As was the case in several past NBAA conventions, delegations of Chinese aviation officials attended, some of them giving press conferences to describe the long march to China’s aviation future. Jackie Chan provided some of the movie star power, making appearances at Embraer’s booth and press conference, while Iron Maiden rocker Bruce Dickinson opened for Eclipse press conferences.
Nextant, now quietly trouncing Beechcraft in a race to overhaul the Beechjet/Hawker 400 fleet with engines, winglets, and avionics, said it would begin retrofitting King Air C90s, too. Beechcraft officials had successes of their own to talk about, having previously announced a huge order for new King Air 350i twin turboprops to charter company Wheels Up. Wherever convention goers looked, there was a Wheels Up sign or another attendee wearing a Wheels Up hat.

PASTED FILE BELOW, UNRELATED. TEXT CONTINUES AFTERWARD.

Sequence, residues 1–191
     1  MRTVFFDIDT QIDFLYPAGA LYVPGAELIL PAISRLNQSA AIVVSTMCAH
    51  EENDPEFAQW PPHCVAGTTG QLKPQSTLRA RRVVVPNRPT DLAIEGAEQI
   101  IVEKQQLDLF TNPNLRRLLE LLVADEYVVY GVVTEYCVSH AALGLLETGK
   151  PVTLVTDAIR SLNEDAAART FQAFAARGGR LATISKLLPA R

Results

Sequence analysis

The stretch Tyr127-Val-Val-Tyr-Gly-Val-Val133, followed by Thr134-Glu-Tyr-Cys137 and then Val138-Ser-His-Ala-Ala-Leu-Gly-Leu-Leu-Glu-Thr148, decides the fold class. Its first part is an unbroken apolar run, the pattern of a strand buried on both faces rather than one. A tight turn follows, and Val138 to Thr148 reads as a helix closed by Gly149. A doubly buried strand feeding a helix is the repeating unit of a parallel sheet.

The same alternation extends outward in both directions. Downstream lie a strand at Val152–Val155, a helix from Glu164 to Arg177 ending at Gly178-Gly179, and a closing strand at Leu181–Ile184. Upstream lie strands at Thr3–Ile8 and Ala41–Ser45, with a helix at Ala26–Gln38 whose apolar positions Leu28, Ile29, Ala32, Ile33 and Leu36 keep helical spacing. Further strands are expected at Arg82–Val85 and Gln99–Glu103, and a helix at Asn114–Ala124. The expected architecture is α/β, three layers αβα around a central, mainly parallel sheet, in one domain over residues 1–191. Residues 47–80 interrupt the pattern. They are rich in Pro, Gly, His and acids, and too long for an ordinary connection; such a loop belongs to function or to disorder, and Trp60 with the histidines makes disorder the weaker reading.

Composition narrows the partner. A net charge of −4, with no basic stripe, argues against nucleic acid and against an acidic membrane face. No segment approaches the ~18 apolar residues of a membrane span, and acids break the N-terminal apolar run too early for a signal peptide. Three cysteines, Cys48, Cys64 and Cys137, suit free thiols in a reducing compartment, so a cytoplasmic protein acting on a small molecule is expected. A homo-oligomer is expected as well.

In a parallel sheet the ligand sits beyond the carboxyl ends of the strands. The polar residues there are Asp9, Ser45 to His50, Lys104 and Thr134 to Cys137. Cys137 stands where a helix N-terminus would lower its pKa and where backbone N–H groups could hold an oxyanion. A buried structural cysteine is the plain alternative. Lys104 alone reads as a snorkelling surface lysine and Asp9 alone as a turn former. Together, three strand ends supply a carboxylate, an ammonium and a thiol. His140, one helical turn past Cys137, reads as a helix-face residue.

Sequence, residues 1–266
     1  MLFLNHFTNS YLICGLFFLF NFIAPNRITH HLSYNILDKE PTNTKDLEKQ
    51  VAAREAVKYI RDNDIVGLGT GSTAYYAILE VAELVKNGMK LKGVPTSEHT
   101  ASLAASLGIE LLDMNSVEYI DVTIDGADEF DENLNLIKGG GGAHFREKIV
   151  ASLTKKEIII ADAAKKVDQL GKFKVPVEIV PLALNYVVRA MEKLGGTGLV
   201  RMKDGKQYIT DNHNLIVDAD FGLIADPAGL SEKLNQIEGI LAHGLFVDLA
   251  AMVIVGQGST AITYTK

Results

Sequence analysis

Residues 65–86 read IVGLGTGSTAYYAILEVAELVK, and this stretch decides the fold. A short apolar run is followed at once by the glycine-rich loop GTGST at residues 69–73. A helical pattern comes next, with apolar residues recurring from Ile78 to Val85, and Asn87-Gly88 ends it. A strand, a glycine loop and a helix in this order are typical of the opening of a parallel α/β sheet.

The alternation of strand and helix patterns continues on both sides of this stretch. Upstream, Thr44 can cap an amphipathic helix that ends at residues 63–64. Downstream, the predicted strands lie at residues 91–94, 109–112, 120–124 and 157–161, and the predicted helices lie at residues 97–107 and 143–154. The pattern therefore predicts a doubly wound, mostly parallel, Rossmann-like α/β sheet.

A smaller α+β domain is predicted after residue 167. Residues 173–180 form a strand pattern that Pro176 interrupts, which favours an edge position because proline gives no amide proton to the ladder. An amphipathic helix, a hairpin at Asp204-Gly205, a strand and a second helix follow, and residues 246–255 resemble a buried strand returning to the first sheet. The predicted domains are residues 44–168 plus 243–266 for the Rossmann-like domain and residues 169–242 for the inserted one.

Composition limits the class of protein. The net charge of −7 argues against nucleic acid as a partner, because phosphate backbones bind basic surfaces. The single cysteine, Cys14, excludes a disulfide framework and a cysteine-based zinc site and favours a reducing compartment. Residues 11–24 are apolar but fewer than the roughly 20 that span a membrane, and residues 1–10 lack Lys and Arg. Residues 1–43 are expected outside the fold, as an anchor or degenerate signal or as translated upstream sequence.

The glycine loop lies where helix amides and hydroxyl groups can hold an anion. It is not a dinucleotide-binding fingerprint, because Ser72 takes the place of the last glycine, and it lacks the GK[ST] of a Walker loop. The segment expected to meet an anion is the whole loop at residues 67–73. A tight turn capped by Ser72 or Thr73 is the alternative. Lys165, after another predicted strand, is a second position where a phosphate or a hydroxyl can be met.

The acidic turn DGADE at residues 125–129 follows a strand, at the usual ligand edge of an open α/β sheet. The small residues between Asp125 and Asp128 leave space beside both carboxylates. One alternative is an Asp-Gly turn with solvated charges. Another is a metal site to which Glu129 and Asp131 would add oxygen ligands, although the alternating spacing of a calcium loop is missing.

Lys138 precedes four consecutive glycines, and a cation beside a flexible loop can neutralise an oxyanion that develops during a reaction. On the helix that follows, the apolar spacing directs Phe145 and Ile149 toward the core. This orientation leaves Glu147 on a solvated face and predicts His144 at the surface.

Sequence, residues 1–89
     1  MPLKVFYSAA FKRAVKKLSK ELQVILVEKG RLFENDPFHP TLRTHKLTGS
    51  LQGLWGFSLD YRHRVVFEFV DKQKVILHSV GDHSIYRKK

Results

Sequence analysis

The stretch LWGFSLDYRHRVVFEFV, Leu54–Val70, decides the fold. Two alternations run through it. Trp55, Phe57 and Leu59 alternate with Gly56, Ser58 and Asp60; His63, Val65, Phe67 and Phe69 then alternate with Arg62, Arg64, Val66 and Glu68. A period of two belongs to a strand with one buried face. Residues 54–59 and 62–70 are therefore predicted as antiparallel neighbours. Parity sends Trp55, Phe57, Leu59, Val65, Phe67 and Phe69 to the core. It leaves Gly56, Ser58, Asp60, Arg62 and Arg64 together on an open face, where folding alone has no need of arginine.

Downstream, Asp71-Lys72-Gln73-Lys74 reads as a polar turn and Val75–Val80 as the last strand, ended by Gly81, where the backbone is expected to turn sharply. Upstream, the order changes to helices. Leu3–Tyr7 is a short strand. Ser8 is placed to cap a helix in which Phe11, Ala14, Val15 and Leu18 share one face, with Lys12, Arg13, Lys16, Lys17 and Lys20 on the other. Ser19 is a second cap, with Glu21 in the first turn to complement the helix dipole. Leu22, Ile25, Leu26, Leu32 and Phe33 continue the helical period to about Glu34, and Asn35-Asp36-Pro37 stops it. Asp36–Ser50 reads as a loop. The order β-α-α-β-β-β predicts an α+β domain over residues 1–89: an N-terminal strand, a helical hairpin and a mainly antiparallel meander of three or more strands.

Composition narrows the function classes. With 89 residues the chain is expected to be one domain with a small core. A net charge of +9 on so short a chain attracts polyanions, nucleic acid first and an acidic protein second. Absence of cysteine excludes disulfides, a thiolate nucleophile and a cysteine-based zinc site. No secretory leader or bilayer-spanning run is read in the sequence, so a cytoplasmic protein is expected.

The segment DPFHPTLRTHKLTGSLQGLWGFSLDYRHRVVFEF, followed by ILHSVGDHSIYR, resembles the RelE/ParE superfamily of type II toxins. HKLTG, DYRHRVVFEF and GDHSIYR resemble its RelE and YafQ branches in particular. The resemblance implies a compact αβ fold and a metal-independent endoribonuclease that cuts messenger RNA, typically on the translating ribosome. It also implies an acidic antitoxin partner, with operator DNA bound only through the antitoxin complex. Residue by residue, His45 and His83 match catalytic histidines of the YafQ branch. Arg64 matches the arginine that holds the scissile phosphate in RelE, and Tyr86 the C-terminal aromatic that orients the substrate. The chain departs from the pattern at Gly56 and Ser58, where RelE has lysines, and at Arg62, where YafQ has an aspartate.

A worn-out Air Tractor becomes a star
By Dave Hirschman
The real-life story of a worn-out Air Tractor’s transformation into one of the most recognizable airplanes on the planet is as unlikely as the fictional Dusty Crophopper’s movie quest for air racing glory.
As Disney’s animated movie Planes was about to open at U.S. theaters during summer 2013, the actual Air Tractor that would represent the movie character at airshows and events around the country was in pieces at an ag strip in south Texas.
That’s when Rusty Lindeman, owner of Rusty’s Flying Service, in D’Hanis, got a call from Disney. The giant studio wanted an actual airplane that matched Dusty in every detail to appear at airshows in the United States and Canada, and the first one was at Jones Beach in New York City in less than six weeks.